TALLAHASSEE -- Gov. Charlie Crist said Friday that the criminal investigation into the fundraising scandal surrounding his own hand-picked former Republican Party chairman should be transferred to the U.S. Attorney's Office in Tallahassee, suggesting that tax violations could have occurred..
Crist made the request Friday in a one-paragraph letter that cited "the potential IRS implications" of the probe, which was ordered earlier this week by fellow Republican Attorney General Bill McCollum when he forwarded the findings of a party audit to the Florida Department of Law Enforcement.
Ex-chairman Jim Greer is being investigated over personal expenses and a secret contract he signed last year that funneled nearly $200,000 in fundraising commissions and consulting fees to a private company called Victory Strategies in which Greer had a 60-percent ownership stake.
An independent audit of Republican Party of Florida finances filed with the state this week also concluded the party lacked the paperwork to justify tens of thousands of dollars in other party expenses claimed by Greer and his appointed party director, Delmar Johnson, who was also his partner in Victory Strategies.
If investigators determine such expenses were not for valid business purposes, they could be treated as personal income under federal law and – if not reported on income-tax forms – subject individuals to possible tax-evasion charges.
Greer's lawyers did not return calls seeking comment.
The mention of "IRS implications" may chill those who had RPOF American Express cards and used them freely over the past several years.
The list includes Greer and Johnson, who ran up more than $1 million in AmEx charges for everything from chartered planes and four-figure dinner bills to flowers sent to the wives of Greer and Crist. Grass-roots and leadership anger over Greer's spending, even as party fundraising plummeted, forced his ouster in early January.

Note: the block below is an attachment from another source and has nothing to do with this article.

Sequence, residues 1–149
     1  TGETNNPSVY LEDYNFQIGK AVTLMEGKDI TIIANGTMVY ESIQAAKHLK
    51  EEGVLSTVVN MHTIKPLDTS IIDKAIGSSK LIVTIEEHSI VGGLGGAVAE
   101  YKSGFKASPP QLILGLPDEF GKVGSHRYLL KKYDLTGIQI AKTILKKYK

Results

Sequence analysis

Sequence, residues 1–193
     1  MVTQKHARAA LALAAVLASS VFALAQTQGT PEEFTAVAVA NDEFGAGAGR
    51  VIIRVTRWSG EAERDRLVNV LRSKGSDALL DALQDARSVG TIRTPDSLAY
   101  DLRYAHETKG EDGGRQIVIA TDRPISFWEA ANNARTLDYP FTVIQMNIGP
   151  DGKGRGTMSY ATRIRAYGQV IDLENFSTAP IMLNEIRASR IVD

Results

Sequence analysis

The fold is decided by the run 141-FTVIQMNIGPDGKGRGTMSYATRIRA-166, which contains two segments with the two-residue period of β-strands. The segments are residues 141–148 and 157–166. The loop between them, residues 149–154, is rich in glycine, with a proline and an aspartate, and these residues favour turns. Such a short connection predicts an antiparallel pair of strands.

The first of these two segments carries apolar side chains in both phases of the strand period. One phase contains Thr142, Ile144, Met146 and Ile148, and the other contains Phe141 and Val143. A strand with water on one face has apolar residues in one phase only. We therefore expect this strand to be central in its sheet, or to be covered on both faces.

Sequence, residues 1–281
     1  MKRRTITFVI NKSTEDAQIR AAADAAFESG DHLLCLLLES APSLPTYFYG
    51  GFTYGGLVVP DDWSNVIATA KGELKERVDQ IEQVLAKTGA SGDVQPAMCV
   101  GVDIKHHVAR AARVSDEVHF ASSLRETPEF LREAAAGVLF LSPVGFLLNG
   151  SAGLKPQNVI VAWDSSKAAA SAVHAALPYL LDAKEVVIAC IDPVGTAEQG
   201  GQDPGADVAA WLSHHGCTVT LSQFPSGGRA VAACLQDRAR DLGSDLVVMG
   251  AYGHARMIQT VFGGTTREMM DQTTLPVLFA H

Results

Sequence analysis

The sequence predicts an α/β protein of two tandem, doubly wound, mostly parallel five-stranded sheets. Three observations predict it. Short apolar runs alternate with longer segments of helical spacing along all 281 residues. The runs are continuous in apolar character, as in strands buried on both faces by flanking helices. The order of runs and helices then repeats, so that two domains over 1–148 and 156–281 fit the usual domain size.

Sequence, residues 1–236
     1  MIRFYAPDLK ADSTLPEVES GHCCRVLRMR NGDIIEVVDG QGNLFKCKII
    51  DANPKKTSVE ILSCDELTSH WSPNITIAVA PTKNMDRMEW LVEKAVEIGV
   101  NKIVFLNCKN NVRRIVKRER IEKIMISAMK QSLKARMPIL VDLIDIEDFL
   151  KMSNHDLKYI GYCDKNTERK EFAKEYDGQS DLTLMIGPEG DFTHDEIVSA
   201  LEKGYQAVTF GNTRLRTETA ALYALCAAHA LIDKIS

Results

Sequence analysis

But party credit cards were also given to former House Speaker Marco Rubio, Crist's U.S. Senate primary foe who's been challenged for using his card for thousands of dollars of personal expenditures; House Speaker-designate Dean Cannon of Winter Park, who the Orlando Sentinel reported spent $190,000 over two years on charter planes, expensive dinners and other items he says were all related to "party business;" and Senate President Jeff Atwater, the North Palm Beach Republican who's running for CFO.
Crist — who hand-picked Greer as party chairman in 2007 — has said he never had a party AmEx card. And he's recently tried to make a major issue of Rubio's spending.
The ex-speaker ran up $100,000 in charges on his party AmEx between 2006 and 2008, including $16,000 in personal expenses he said he repaid the party. Crist has been demanding that Rubio make public his tax returns for the period.
That may explain why Crist was quick to join with a Democrat in calling for a federal investigation of his own party.